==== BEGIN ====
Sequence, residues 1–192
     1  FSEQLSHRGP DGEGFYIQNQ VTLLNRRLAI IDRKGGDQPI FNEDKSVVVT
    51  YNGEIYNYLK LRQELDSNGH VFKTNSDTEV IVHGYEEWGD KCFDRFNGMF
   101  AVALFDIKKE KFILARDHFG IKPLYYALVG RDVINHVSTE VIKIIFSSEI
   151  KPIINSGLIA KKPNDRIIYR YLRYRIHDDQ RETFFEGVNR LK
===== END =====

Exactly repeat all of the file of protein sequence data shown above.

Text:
Sequence, residues 1–192
     1  FSEQLSHRGP DGEGFYIQNQ VTLLNRRLAI IDRKGGDQPI FNEDKSVVVT
    51  YNGEIYNYLK LRQELDSNGH VFKTNSDTEV IVHGYEEWGD KCFDRFNGMF
   101  AVALFDIKKE KFILARDHFG IKPLYYALVG RDVINHVSTE VIKIIFSSEI
   151  KPIINSGLIA KKPNDRIIYR YLRYRIHDDQ RETFFEGVNR LK